Philosophy Dictionary of Arguments

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Rationality, philosophy: rationality is the ability of a being to consciously adapt to a situation due to the generalizations of his experiences. It can also be rational to want to learn something new. See also system, order, creativity, discoveries, evaluation, repetition.

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Annotation: The above characterizations of concepts are neither definitions nor exhausting presentations of problems related to them. Instead, they are intended to give a short introduction to the contributions below. – Lexicon of Arguments.

 
Author Item Summary Meta data
Danto III 56
Rationality/Nietzsche/Danto: (F. Nietzsche: Über Wahrheit und Lüge im außermoralischen Sinn, KGW 1/III, 2, p. 383): According to Nietzsche there are two kinds of people: the sensible and the intuitive person, whereby the first fears intuition and the latter rejects rationality. Rationality is the fate of all enforced intuition and intuition is the source of all prevailing rationality.
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Danto III 66
Rationality/Apollonian/Dionysian/art/Nietzsche/Danto: Nietzsche's opposition pair of Apollonian/Dionysian equates with that of rationality and irrationality would be too superficial. Ultimately, dreaming is nothing more rational than dancing and the music - which the Greeks grouped together with mathematics - it is no less rational than poetry.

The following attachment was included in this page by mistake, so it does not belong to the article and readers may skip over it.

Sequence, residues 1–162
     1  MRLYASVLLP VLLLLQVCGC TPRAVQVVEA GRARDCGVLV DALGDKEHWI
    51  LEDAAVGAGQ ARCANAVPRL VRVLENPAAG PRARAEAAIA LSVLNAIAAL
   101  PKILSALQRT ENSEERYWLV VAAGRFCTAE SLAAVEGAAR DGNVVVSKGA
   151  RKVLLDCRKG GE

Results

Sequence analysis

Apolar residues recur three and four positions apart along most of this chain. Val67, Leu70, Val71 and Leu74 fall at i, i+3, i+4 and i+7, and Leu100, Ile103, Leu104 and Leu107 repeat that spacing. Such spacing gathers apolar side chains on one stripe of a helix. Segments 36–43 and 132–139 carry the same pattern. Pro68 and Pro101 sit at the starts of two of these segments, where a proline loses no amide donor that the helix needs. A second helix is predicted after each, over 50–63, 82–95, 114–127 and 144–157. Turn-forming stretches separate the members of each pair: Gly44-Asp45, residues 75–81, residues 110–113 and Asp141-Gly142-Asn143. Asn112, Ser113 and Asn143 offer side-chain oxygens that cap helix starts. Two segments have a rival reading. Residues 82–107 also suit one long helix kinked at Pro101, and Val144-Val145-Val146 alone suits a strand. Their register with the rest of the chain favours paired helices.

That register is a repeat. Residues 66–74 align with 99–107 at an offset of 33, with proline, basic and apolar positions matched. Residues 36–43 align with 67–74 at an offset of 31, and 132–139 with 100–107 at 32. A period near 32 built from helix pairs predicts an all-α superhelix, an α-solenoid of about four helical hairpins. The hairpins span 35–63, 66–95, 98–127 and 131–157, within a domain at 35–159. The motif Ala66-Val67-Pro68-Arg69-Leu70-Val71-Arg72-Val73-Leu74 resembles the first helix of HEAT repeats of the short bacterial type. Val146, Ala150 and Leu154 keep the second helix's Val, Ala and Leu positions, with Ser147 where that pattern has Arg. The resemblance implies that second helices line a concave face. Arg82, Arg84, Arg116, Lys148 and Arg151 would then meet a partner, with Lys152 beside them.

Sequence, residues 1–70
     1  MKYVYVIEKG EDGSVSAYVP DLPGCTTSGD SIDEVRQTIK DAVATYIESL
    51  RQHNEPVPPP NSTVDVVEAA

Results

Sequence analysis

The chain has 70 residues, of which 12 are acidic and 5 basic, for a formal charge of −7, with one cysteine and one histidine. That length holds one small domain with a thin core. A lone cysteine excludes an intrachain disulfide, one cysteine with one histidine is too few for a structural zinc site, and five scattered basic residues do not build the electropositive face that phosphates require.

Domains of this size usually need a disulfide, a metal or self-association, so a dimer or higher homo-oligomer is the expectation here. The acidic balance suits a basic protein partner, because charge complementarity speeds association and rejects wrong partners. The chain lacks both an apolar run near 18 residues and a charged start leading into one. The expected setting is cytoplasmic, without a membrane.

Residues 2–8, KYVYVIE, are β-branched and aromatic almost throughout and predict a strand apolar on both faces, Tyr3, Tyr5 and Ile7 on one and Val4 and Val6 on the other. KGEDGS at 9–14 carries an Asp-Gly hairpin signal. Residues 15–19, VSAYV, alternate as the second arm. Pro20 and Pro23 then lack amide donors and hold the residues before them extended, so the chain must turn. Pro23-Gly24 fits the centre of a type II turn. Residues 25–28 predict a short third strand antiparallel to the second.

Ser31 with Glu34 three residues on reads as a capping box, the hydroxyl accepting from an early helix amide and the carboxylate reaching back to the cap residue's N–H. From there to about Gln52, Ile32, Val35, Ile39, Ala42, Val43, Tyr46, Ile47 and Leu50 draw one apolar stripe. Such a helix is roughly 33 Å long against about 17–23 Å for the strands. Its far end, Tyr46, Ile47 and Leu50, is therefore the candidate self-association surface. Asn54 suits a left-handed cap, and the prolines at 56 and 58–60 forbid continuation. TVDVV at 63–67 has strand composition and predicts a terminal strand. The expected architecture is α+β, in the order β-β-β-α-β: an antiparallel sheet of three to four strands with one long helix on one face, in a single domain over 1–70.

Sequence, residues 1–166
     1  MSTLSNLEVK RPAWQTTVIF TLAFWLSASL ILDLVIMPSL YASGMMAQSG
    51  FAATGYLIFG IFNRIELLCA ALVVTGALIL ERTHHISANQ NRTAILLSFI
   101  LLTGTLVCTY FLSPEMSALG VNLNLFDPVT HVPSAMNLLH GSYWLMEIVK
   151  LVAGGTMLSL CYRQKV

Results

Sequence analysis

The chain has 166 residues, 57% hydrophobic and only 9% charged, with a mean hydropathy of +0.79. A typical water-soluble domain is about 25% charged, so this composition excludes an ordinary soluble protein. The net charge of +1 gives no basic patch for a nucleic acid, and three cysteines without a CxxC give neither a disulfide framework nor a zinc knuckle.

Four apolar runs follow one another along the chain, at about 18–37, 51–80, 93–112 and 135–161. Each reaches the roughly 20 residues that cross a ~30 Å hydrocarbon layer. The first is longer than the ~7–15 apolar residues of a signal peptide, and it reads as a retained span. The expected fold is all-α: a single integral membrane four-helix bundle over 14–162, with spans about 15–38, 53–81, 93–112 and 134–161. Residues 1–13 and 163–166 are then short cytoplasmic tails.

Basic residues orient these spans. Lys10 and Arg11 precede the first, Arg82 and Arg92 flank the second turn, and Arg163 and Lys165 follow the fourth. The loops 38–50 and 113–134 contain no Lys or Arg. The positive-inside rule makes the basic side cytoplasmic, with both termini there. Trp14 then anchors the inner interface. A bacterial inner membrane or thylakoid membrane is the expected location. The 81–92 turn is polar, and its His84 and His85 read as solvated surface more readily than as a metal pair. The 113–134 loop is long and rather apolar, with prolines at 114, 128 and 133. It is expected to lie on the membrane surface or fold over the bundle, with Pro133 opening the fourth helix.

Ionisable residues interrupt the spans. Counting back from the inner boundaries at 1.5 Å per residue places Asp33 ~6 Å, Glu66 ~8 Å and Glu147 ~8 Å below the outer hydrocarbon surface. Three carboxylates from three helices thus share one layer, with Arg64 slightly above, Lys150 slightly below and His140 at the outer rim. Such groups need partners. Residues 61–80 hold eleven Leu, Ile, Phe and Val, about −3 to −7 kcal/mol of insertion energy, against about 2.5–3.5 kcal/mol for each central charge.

Dionysian/Nietzsche/Danto: Nietzsche distinguishes between the barbaric and the Hellenized Dionysian. (F. Nietzsche, Die Geburt der Tragödie, KGW 2, III, pp. 27f.).
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Danto III 77/78
Rationality/Nietzsche/Danto: Nietzsche never spoke out against rationality or science at any point in his work; he never said about them that they were harmful to life.
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Danto III 159/160
Rationality/Action/Nietzsche/Danto: it is hard to believe that we could ever have planned our actions already carried out by us.


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Explanation of symbols: Roman numerals indicate the source, arabic numerals indicate the page number. The corresponding books are indicated on the right hand side. ((s)…): Comment by the sender of the contribution.
The note [Author1]Vs[Author2] or [Author]Vs[term] is an addition from the Dictionary of Arguments. If a German edition is specified, the page numbers refer to this edition.

Nie I
Friedrich Nietzsche
Sämtliche Werke: Kritische Studienausgabe Berlin 2009

Nie V
F. Nietzsche
Beyond Good and Evil 2014

Danto I
A. C. Danto
Connections to the World - The Basic Concepts of Philosophy, New York 1989
German Edition:
Wege zur Welt München 1999

Danto III
Arthur C. Danto
Nietzsche as Philosopher: An Original Study, New York 1965
German Edition:
Nietzsche als Philosoph München 1998

Danto VII
A. C. Danto
The Philosophical Disenfranchisement of Art (Columbia Classics in Philosophy) New York 2005


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Ed. Martin Schulz, access date 2020-01-22
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